Eight Democratic candidates are running for mayor in the Sept. 11 primary election and most have released a plan to deal with crime. They were asked about the three most important changes they would make to reduce crime. Here is a summary of their responses:
To address the rift between residents and police, Bundley would organize church members and community organizations to visit neighborhoods en masse. He envisions 1,000 people knocking on doors in troubled neighborhoods at a time. The large presence of volunteers, he said, would re-establish the connection between the city and residents and would scare off drug dealers.
He supports retraining police to move them from a "crime fighting" strategy to a philosophy of "protect and serve" - the idea being that the police would better work with residents. The training, he said, would begin immediately after he hired a police commissioner.
Bundley would bring in "gang redirection" experts from across the country and within Baltimore. These experts - including former gang members -would seek out gangs and offer their members city services in exchange for not committing initiation crimes. The experts would be volunteers. Jill P. Carter
In addition to changing the top commanders in the department, Carter has vowed to create an advisory panel of police officers, residents and former police commissioners that would make recommendations on policing strategies and policies. The panel, which would likely include about a dozen people, would start "from Day One," according to her campaign.
Carter would declare a "state of emergency" over the crime issue. Though a mayor cannot legally declare a disaster area, Carter's campaign said she would use the power of the bully pulpit to request additional state troopers and help from the U.S. Drug Enforcement Administration.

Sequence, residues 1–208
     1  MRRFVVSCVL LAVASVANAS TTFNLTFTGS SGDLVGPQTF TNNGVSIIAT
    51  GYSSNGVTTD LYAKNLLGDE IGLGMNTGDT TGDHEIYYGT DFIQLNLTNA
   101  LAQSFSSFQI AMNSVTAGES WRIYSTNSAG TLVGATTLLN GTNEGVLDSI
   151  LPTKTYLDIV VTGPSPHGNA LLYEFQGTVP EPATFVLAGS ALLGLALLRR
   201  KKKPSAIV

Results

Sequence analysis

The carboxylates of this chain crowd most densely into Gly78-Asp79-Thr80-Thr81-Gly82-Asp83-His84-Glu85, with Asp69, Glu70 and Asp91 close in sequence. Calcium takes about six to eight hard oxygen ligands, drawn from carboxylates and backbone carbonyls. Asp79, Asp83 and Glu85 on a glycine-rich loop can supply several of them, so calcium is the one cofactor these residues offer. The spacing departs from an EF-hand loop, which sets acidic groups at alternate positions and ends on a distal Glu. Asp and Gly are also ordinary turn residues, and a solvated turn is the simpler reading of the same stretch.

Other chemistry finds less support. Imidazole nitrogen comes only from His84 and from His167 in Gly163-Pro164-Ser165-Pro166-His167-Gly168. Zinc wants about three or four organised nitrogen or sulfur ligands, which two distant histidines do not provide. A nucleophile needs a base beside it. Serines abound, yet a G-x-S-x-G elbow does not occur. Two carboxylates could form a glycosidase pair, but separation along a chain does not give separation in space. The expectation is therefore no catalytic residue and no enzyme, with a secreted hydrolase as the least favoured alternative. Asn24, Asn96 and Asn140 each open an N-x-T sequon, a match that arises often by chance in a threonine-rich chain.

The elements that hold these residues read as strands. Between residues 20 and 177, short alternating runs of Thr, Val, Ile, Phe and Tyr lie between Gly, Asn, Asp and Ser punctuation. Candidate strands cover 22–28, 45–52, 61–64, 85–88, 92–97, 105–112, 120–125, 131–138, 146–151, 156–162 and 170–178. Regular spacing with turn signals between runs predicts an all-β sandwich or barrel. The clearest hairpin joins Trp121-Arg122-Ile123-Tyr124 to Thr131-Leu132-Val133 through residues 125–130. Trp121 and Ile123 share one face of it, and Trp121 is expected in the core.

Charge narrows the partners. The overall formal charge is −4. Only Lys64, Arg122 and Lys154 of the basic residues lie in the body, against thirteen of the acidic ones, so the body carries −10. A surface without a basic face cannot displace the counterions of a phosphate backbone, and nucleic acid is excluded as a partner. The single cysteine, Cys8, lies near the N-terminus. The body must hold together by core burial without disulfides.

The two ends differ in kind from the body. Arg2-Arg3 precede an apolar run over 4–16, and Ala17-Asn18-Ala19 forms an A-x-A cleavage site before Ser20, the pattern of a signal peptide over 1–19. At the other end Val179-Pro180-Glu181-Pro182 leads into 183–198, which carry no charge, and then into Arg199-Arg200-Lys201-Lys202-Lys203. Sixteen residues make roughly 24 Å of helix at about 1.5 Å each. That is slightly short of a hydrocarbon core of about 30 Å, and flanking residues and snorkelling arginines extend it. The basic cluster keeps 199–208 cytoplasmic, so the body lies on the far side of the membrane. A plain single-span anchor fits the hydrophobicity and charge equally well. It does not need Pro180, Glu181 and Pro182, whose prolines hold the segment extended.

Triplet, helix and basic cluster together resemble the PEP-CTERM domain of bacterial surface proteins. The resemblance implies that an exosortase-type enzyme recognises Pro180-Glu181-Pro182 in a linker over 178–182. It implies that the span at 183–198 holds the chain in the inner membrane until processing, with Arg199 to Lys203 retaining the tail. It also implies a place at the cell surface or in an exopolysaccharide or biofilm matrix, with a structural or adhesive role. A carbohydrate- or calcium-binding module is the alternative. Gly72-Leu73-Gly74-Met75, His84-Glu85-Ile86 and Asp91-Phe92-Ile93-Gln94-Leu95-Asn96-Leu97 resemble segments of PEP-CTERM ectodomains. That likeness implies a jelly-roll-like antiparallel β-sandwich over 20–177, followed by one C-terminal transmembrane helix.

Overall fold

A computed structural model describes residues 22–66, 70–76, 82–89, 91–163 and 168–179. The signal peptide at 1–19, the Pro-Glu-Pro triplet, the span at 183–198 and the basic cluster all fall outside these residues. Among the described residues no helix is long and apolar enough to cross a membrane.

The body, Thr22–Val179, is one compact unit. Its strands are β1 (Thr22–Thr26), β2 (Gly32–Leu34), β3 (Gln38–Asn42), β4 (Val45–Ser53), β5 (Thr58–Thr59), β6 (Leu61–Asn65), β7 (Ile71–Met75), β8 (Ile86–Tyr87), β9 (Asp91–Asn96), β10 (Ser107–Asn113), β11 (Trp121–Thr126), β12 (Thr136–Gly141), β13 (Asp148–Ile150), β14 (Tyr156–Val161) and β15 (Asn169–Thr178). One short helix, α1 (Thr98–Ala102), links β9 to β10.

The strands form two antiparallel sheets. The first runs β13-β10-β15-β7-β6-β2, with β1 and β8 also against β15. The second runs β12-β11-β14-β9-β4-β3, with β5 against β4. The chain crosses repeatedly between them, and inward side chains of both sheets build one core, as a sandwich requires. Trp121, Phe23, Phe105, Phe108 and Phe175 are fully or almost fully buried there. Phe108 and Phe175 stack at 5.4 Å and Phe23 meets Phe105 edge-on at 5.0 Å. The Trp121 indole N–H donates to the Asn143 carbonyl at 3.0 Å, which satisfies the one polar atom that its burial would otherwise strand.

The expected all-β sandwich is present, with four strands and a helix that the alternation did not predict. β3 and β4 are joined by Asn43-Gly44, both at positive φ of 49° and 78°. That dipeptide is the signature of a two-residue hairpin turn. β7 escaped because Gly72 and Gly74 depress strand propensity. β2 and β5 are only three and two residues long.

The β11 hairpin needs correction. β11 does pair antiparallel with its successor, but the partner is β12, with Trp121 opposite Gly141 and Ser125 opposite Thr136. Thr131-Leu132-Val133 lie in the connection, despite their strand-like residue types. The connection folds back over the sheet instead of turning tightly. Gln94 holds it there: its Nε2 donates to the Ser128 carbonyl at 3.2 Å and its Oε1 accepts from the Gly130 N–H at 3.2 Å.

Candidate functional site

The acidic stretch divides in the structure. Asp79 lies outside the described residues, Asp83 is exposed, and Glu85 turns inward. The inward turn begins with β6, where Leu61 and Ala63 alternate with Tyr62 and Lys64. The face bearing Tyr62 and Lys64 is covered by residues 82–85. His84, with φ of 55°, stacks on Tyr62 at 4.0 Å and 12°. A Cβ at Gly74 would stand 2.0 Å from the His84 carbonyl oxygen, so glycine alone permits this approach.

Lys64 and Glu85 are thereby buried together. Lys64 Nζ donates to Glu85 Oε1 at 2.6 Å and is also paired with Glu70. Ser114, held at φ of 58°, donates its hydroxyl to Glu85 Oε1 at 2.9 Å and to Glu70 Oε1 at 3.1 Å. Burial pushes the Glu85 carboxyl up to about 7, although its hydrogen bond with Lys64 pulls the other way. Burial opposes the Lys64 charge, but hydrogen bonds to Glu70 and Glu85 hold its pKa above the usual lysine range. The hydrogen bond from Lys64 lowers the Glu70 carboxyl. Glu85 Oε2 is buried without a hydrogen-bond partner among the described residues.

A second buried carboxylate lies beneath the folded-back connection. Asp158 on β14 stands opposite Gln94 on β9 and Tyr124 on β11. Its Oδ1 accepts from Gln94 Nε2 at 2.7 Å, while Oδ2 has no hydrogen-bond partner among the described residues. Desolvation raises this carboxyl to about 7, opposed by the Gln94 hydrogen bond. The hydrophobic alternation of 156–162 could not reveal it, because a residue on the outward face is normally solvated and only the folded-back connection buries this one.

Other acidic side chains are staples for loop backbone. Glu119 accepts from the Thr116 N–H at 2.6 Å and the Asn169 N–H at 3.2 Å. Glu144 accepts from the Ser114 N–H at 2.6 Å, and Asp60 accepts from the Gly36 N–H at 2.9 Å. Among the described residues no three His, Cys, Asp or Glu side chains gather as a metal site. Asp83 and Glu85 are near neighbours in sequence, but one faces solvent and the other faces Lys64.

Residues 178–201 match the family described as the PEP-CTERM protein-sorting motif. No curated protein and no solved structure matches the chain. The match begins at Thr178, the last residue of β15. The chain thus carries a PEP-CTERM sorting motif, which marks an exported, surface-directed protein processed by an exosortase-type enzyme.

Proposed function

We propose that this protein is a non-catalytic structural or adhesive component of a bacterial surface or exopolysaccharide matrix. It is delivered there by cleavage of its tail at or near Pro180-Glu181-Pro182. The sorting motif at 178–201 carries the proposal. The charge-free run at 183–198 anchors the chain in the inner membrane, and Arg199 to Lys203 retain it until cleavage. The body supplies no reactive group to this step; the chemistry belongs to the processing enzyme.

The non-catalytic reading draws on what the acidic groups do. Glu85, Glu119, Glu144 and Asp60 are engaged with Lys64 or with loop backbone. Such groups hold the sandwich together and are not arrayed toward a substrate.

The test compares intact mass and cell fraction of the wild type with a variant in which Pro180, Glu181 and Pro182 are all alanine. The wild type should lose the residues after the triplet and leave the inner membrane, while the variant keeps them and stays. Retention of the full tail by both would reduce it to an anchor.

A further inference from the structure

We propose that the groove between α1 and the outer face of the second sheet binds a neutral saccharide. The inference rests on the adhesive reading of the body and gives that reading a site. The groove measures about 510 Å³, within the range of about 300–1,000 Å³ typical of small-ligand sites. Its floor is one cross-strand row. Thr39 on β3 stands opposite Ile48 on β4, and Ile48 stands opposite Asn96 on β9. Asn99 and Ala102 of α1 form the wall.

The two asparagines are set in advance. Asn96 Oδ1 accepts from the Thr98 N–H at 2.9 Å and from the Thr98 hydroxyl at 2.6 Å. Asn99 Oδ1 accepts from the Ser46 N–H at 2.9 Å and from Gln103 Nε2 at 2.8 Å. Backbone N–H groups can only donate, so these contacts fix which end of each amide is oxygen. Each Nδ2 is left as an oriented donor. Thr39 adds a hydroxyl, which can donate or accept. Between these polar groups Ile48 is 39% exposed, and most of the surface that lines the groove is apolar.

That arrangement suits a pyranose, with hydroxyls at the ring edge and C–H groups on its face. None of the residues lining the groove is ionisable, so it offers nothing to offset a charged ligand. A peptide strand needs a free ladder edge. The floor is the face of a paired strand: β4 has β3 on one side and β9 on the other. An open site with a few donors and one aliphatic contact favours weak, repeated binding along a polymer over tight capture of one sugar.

Under a Carter administration, more police would be "in the community," especially from dusk to dawn. The campaign has said that officers would be encouraged to get out of their cars and walk foot beats as much as possible. Frank M. Conaway Sr.
Conaway will look to federal programs, such as the U.S. Department of Justice's Weed & Seed, to help communities dealing with crime. In terms of state and federal assistance, Conaway said he would also support bringing state police and the National Guard into the city if homicides continue on their current pace.
He has also suggested that all mayoral candidates should "throw our [crime] plans in the trash can" because, he said, it is the police commissioner's job to deal with crime, not the mayor's. At the same time, he has called for the Maryland attorney general to organize a summit to create a "true crime plan."
Conaway would take $10 million from surplus city funds or police overtime to provide loans to minority-owned businesses, specifically in the black community, which he said would create jobs for potential criminals. Sheila Dixon
Dixon would continue the targeted enforcement approach she started this year, which means police "focus more energy and resources on apprehending repeat offenders." In tandem, Dixon would release a database of gun offenders - much like a sex-offender registry - as part of an effort to take illegal guns off the streets.